The Kimono Tattoo by Rebecca Copeland, Brother Mockingbird Publishing, 362pp
An academic out of a job getting by as a translator in Kyoto is approached by a mysterious woman in a kimono who offers her a remunerative job translating a novel, chapter by chapter, as it is written. The ostensible author of the novel, long thought to be dead, is the disowned scion of a family that has been in the kimono business for generations; the novel describes a crime: the murder of a woman with a full-body tattoo designed to look like a kimono. Add that the translator’s brother disappeared when they were both children and you have the threads—or most of them—that Copeland skillfully weaves together to give us a thriller that is thrilling indeed.
That it’s never easy to stop turning the pages of Copeland’s novel is a testament to her skill, especially when one considers the chances she has taken. In choosing, for example, to teach her readers about Japan, about Kyoto, and about kimono, she runs the risk of being pedantic in the worst as-you-know-Bob style. She manages, though, to fold what she teaches us into her narrative in such a way that, far from slowing her story to a slog, it instead makes the feverish page-turning a richer experience.
In addition, she does something that is rarely seen in fiction by non-Japanese about Japan: She gets the place right. The characters seem like people rather than exotic caricatures, and the Kyoto she creates will be recognizable to those who know it, enticing to those who don’t.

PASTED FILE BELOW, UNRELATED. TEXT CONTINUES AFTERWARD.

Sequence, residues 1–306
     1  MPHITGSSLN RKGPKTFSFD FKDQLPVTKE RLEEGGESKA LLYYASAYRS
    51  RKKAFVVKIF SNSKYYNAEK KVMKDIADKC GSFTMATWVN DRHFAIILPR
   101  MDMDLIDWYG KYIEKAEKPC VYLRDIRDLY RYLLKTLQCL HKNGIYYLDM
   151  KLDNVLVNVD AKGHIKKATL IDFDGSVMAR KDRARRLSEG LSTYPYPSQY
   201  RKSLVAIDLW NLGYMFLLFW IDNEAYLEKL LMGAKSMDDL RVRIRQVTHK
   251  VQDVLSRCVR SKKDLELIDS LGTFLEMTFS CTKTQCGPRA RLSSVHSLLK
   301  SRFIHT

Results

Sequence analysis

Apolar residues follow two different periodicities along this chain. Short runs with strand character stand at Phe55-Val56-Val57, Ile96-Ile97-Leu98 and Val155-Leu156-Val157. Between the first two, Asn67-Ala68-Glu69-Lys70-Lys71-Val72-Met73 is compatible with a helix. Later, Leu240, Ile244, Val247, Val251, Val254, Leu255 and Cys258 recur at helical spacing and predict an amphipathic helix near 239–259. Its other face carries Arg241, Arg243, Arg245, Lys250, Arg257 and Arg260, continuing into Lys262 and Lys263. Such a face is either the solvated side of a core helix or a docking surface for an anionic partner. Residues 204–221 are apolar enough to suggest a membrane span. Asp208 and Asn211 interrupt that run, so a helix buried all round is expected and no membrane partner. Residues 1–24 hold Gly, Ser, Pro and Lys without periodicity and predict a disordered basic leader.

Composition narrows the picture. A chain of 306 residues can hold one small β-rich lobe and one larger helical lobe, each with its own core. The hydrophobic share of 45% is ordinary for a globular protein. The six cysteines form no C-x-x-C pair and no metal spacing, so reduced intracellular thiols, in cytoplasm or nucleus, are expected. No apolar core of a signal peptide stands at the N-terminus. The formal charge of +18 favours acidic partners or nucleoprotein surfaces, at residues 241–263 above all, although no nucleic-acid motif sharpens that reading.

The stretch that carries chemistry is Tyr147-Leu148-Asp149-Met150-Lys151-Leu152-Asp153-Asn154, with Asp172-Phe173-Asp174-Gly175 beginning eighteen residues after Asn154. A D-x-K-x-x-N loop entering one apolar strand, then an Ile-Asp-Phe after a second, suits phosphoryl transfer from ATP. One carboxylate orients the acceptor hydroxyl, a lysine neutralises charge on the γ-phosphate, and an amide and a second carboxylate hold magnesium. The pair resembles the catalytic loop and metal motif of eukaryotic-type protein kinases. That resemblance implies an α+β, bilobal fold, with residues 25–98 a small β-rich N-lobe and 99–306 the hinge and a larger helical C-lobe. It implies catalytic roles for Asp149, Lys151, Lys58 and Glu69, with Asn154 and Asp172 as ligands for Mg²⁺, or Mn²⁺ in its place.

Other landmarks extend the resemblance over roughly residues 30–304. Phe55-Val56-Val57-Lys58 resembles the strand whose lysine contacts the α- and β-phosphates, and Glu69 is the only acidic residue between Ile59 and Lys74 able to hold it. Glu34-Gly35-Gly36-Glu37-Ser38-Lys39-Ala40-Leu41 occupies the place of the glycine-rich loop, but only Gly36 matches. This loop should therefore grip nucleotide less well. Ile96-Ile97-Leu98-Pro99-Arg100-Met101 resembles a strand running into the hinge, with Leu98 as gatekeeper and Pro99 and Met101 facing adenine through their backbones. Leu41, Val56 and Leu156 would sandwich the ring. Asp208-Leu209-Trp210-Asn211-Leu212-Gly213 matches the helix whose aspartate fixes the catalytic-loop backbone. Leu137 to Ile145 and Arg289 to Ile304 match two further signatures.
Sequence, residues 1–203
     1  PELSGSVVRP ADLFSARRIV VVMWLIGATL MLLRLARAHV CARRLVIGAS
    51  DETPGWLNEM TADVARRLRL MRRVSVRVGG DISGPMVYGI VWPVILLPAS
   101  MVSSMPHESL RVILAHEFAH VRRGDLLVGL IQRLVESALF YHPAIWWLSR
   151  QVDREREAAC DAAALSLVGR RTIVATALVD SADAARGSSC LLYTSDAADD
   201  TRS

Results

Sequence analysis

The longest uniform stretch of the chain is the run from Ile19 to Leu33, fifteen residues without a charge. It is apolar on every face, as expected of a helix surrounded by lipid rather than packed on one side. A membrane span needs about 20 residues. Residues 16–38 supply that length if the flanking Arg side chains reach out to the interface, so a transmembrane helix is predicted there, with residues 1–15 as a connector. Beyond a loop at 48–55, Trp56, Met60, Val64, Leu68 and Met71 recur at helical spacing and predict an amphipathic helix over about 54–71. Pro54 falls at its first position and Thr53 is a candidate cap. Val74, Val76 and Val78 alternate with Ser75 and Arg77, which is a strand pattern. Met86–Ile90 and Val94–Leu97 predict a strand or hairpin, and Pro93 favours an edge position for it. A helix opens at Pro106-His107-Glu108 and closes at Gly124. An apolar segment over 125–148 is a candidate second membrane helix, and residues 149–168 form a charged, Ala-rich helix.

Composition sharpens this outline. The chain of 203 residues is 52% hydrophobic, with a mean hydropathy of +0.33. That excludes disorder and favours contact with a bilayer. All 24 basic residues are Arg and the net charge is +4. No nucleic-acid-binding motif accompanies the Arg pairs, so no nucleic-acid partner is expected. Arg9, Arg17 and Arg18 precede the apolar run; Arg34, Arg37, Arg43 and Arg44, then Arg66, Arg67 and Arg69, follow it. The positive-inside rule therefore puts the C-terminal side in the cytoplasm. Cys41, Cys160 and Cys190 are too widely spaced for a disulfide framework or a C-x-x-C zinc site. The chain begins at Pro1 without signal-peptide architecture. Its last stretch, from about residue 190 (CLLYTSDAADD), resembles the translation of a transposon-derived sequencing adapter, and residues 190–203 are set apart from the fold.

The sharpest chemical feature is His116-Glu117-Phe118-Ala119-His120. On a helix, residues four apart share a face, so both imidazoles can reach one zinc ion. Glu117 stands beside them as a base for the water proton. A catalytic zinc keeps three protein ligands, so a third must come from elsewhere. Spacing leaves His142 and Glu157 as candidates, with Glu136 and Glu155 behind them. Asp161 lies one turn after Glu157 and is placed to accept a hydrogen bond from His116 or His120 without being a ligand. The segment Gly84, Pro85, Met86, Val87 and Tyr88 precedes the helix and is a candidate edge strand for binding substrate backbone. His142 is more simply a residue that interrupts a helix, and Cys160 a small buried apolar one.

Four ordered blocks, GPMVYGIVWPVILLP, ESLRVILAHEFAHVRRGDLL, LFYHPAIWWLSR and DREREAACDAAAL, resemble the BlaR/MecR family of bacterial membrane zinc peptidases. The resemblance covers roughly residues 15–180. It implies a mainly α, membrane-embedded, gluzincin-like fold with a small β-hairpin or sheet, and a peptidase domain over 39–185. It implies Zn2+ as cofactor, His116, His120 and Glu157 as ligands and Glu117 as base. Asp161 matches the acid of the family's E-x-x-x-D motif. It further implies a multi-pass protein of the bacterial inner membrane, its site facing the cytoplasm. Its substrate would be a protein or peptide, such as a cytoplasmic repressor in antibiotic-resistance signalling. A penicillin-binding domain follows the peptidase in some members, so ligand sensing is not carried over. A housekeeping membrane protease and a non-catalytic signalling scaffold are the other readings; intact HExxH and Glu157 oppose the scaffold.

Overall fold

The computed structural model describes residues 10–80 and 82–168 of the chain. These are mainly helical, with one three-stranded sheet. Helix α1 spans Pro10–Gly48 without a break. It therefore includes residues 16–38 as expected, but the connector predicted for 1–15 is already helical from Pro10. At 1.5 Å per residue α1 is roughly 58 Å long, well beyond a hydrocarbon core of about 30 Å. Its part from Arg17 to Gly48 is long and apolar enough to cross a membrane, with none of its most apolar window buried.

Sometimes, perhaps in an effort to paint Kyoto in its best light, she overdoes it just a bit: Surely some Kyotoites live in characterless 2DKs rather than the elegant dwellings in which most of Copeland’s characters reside? We don’t read novels like this one, though, for unmitigated reality, so even the occasional indulgence in real estate porn doesn’t go amiss. It’s more fun to read about rooms done in a “tasteful, minimalist style, a hinoki slab table in the center, and a single cushion,” than the plastic of a unit bath.
The prose in which Copeland tells her story is efficient: It moves things along, and that’s as it should be in this kind of novel. There are, however, moments when Copeland’s writing rises above the merely serviceable as when she describes the mysterious kimono-clad woman who hires our protagonist: “I caught a glimpse of her teeth. They were deeply discolored, perhaps from smoking. . . . The contrast between the decayed interior of her mouth and the genteel nature of her gesture was a bit disconcerting.”
Copeland does something that is increasingly rare in genre writers: she doesn’t seem to be setting herself up to write a series of books featuring her translator-sleuth. The loose ends are all neatly tied off at the end, perhaps because Copeland has a day job as a professor of Japanese language and literature and doesn’t need to support herself by making up stories. Still, this story is so much fun that one hopes she lead us on another Kyoto adventure.